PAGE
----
Aside from a robust cocktail glass, you need the right style of muddler. Today, there are different shapes and materials available – flat, toothed, wood, plastic, stainless steel – and each has its unique benefits and drawbacks. Wood is traditional and looks classy, but this material needs TLC while cleaning. “It doesn’t really like getting cleaned in the dishwasher,” Brode says. “Hand-wash and dry it as quick as you can to stop the rot.”
Plastic and stainless steel are more modern, but they’re also heavier and have a different feel to them. “Personally, I’m a fan of a large, chunky, plastic muddler the size of a police truncheon,” says Brode. “I used metal for a few years but when you pull that thing straight out of the dishwasher, you need to call A&E. I got bored of scalding my hands so I went with plastic.”
There’s also the shape to consider. Toothed is best for fruit and spices, while flat is ideal for herbs, he says. “If you can only get one muddler then always go for flat, as it’s much more versatile,” Brode suggests. “Trying to use a toothed one with sugar is a painful experience. The length of the muddler is also important – so often I have seen bartenders using a muddler that isn’t long enough, and they end up with their knuckles in the glass.”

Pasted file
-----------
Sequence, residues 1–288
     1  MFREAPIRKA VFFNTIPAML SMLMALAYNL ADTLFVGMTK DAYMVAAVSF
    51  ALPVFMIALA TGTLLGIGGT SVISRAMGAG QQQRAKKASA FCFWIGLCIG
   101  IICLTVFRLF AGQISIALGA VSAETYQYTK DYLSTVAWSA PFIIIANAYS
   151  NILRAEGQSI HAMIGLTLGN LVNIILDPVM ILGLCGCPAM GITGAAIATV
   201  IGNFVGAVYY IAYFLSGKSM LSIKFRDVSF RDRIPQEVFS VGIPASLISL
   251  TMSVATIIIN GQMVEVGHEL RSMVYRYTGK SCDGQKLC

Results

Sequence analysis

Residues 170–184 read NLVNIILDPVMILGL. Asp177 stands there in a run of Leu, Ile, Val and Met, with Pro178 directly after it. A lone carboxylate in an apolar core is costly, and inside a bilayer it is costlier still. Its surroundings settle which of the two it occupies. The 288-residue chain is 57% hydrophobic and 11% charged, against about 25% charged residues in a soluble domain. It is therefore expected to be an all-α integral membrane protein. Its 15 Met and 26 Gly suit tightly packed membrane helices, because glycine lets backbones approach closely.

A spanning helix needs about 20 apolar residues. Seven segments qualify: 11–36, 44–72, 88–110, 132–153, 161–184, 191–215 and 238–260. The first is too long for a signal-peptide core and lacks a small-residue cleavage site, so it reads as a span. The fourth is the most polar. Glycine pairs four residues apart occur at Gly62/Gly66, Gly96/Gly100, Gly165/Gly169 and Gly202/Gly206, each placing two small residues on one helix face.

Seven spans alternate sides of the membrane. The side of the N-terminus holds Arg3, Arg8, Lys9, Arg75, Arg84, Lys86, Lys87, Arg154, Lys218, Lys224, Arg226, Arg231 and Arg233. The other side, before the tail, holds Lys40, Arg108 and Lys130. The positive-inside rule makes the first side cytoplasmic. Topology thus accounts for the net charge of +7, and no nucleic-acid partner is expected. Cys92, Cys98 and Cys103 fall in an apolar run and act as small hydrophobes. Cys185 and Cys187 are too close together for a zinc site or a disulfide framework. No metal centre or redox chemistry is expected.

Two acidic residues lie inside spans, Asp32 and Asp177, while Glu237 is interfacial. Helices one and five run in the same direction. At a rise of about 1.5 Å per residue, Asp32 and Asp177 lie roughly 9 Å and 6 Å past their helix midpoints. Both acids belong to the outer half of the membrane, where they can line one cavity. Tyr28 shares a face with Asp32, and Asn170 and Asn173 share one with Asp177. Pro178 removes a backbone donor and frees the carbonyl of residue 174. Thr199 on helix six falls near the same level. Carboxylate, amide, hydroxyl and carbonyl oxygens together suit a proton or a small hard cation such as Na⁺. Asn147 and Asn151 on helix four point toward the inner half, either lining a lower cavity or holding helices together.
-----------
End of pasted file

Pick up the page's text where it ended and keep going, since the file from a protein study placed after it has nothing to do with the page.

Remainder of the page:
Speaking of technique – it’ll vary depending on the ingredient you’re muddling. “For herbs like basil, tear them before dropping into your glass. If you don’t, you could end up over-muddling,” says Brode. “For sugar, a flat-bottomed muddler is best for this, with a wee touch of liquid. When muddling fruit you can enjoy yourself a little more. You still want to be careful not to overdo it, but they usually need a little longer.”
Still unsure? Trust your senses. “Using a muddler like cooking,” Brode continues. “As soon as you smell the aroma of garlic, it’s saying ‘I’m ready’. It’s the same when using the muddler. As soon as the aroma hits your nose, it’s time to stop.” And make sure you use the right end – the rounded part is for the palm of your hands, he adds.